Fort Worth — of course, home to prestigious Texas Christian University, Texas Wesleyan, and Tarrant County College — was noted in Point2's study among America’s top 10 most dynamic college towns in terms of population growth (no secret everyone's moving here!), change in business establishments, and building permits.

Plus, anyone who's tailgated or sat in the stands at a TCU football game knows Fort Worth comes out in droves to cheer for its hometown Horned Frogs.

Other Texas communities on the list are:

  • No. 17 College Station, home of Texas A&M University.
  • No. 24 Waco, home of Baylor University.
  • No. 33 Houston, home of Rice University.

“While education and innovation keep these educational institutions on the map, it’s the economic and social conditions in the city that convince students to pursue a career and build a life in their college town. That’s why household incomes, home prices, the number of businesses and startups, and even the city’s poverty rates weigh heavy,” Point2 says.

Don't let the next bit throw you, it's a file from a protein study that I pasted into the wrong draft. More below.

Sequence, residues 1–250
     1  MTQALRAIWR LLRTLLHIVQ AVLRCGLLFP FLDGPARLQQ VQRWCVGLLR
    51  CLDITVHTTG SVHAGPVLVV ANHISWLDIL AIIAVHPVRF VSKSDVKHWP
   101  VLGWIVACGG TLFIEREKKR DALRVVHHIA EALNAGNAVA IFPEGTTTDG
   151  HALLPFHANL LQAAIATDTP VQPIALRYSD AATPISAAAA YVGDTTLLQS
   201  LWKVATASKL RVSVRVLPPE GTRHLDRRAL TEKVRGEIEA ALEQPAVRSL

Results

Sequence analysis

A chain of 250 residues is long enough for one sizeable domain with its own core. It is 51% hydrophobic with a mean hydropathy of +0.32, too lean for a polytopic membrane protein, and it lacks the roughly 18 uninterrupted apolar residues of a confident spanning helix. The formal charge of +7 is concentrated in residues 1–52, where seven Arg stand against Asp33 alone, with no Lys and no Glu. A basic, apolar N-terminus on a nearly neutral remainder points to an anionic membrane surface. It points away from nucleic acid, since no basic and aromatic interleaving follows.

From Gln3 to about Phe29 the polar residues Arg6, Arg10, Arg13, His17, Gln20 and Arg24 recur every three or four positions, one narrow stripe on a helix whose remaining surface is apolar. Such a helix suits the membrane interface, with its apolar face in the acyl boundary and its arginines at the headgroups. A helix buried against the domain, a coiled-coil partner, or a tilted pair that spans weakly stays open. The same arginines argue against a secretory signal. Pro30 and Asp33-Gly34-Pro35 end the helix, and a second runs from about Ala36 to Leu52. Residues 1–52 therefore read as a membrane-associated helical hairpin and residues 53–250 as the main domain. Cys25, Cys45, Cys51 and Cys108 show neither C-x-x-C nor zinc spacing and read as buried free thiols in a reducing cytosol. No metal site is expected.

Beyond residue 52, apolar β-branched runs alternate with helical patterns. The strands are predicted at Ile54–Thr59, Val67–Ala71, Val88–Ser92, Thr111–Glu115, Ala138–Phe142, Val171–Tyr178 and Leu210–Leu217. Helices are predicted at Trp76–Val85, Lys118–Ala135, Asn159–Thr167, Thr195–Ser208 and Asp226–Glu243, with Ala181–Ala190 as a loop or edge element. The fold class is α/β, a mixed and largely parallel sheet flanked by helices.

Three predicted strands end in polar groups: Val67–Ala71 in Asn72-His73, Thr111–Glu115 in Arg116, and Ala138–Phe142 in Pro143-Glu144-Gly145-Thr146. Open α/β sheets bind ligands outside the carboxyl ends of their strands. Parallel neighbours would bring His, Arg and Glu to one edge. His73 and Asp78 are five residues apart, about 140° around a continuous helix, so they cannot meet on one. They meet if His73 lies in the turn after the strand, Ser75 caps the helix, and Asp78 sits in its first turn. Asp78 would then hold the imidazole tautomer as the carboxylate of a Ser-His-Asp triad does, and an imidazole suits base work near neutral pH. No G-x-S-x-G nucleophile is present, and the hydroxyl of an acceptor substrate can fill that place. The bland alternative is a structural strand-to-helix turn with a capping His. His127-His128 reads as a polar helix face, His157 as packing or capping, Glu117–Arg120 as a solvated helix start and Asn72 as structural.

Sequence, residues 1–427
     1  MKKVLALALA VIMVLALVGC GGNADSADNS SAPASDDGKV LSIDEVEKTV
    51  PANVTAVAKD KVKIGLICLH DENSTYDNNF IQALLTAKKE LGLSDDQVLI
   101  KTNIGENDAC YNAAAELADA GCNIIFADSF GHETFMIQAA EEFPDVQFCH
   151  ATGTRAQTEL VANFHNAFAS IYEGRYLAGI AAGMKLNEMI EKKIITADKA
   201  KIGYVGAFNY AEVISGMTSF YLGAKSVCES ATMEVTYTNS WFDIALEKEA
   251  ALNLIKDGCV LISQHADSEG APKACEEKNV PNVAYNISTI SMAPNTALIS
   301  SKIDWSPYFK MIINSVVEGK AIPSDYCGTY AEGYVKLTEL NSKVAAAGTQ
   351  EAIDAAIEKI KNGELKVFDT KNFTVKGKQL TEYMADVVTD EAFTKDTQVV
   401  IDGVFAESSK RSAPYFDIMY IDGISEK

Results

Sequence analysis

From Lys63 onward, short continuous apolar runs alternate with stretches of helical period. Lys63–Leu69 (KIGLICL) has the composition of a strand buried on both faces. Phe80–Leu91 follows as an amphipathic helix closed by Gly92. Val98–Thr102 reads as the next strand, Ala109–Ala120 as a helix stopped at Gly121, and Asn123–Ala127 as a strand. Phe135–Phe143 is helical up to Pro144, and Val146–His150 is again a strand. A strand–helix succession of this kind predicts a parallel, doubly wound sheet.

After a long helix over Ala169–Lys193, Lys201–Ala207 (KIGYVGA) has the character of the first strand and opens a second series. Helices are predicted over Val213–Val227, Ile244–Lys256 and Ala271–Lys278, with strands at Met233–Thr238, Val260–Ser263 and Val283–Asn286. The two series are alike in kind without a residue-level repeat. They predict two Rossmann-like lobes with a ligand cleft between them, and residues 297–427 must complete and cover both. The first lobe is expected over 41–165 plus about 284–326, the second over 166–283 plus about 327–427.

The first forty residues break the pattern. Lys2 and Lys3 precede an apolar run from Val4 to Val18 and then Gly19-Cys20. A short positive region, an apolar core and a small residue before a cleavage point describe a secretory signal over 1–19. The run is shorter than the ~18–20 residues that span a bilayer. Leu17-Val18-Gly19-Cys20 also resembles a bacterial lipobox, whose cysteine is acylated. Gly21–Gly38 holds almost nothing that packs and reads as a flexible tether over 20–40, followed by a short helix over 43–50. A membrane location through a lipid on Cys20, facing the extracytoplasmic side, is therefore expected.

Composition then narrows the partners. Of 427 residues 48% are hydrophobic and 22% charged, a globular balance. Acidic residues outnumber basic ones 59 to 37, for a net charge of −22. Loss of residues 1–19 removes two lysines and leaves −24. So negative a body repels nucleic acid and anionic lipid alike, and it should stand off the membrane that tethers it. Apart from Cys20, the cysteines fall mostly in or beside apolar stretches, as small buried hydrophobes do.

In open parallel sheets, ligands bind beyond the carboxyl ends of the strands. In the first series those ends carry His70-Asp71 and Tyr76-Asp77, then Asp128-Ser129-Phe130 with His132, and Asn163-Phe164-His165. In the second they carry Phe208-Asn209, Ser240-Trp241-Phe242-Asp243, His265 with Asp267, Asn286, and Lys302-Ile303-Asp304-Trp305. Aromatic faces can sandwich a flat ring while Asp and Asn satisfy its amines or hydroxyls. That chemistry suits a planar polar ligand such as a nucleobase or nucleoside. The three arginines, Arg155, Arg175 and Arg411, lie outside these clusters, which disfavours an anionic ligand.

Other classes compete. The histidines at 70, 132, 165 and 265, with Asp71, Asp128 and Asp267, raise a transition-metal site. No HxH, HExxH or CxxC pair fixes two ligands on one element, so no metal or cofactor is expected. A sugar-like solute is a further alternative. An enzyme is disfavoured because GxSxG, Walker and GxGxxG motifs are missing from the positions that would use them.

George Strait/Instagram

Texas music icons George Strait and Willie Nelson to share stage for just 2nd time in history

If it wasn't for Texas ...

On the cowboy boot heels of his acclaimed headlining performances at this year’s ACL Music Festival, the king of country music George Strait will not, in fact, ride away. He's returning to the stage with another Texas music legend, Willie Nelson, in a shared-stage performance that's happened just once before in the icons' storied careers.

Strait and Nelson will perform April 29, 2022 as part of the grand opening celebration of Moody Center, a new $338 million venue opening on the University of Texas campus in Austin.

The show, dubbed "Strait from Moody Center," bills Strait as the headliner, with special guests Willie Nelson & Family, and Randy Rogers Band noted as special guests.